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Tetris DX
Review By: Jared Black
Developer:   Elorg
Publisher:   Nintendo
# of Players:   1-2
Genre:   Puzzle
ESRB:    Everyone

Way back in 1989, Nintendo released a curious little handheld gaming system known as the Gameboy. At it's time it was the most advanced handheld in the world, sporting a relatively powerful processor and a clear black and white display. This little marvel launched with a version of Tetris, which proved to be the perfect game for a portable system. Fueled by the success of Tetris, the original Gameboy sold in droves. In fact, it can be argued that without Tetris Nintendo's little marvel would've never taken off the way it did. Nine years later, Nintendo finally released the sequel to the best-selling gaming platform of all-time, and with the launch of the Game Boy Color Nintendo made sure to accompany it with some great software, including Tetris DX. Can Tetris do for the Game Boy Color what the original Tetris did for the original Gameboy?

The way Tetris plays is very simple, yet it is still among the most challenging games ever devised. Simply put, different shaped blocks fall from the top of the game board, and its the gamers responsibility to fit all of these pieces together. When the gamer fits together a full line across the playing board, that line disappears and the lines above it fall down in its place. And that's basically it. The gamer simply tries to keep his board from filling to the top by destroying line after line. However, this is complicated by the fact that the puzzle pieces fall faster and faster as you clear more lines. As the board fills up, it just makes the pieces seem to fall even faster. Combine this with the sometimes maddening music, and you have a game that can definitely invoke a sense of panic.

This game features a variety of gameplay options. If you have a link cable, two players can battle it out with separate Color Game Boys. The game saves information for up to four people, and everytime you play it keeps track of how many lines you've cleared in every game to date. Within the one player game there are four different modes: Marathon, Ultra, 40Lines, and Vs. Com. Marathon is simply just your standard Tetris: you vs. the blocks. Ultra mode is simply Marathon mode with a time limit. In 40 Lines mode you're timed, and you must try to clear 40 lines as quickly as possible. Vs. Com mode is where you play the computer. As you clear lines those lines are thrown onto the computer's board, and vice versa. Whoever has their board filled up first loses.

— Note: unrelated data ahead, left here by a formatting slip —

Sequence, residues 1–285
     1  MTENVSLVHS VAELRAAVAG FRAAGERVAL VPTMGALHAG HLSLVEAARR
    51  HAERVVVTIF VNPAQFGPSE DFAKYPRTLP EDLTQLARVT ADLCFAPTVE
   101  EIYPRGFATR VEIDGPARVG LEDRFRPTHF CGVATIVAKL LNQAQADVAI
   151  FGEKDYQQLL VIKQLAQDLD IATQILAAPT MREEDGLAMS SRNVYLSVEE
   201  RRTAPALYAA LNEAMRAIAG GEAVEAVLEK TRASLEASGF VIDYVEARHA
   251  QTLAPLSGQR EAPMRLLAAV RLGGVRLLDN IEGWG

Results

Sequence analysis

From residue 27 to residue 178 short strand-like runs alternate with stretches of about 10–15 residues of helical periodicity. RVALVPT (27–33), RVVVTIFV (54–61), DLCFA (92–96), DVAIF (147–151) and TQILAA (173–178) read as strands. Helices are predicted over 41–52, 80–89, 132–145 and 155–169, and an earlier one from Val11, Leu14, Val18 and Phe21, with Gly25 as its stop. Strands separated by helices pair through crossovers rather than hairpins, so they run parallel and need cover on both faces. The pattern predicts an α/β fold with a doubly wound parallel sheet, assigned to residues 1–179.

Graphics have never been a big part of Tetris games (which is why the original was so suited to the Game Boy), and that's the case here as well. Everything is sharp and clear, and the colors are very vibrant. The colors also change as you advance through the game, and they have an oddly pleasing effect on the gamer. Tetris will never be known for having good graphics, but the graphics here are done about as well as they can ever get in a game like this.

Perhaps the only weak part about this game is the sound. Limited somewhat by the Game Boy Color itself, the sound is bland and two of the three songs become annoying very fast (I liked Music B, but A + C were just annoying to me). There is also little offered in sound effects, with only blips and blops whenever you clear lines and drop pieces. Certainly, there is nothing here to detract from the game, but there's nothing to praise either.

Overall, Tetris DX is a great addition to the Tetris franchise. It stays true to the classic Tetris gameplay, yet it adds enough variety to the game to make it fresh and unique. This game comes highly recommended for anyone who is a Tetris addict, needs a good Color Game Boy game, or who simply enjoys a good puzzle game.

Overall: 8.7

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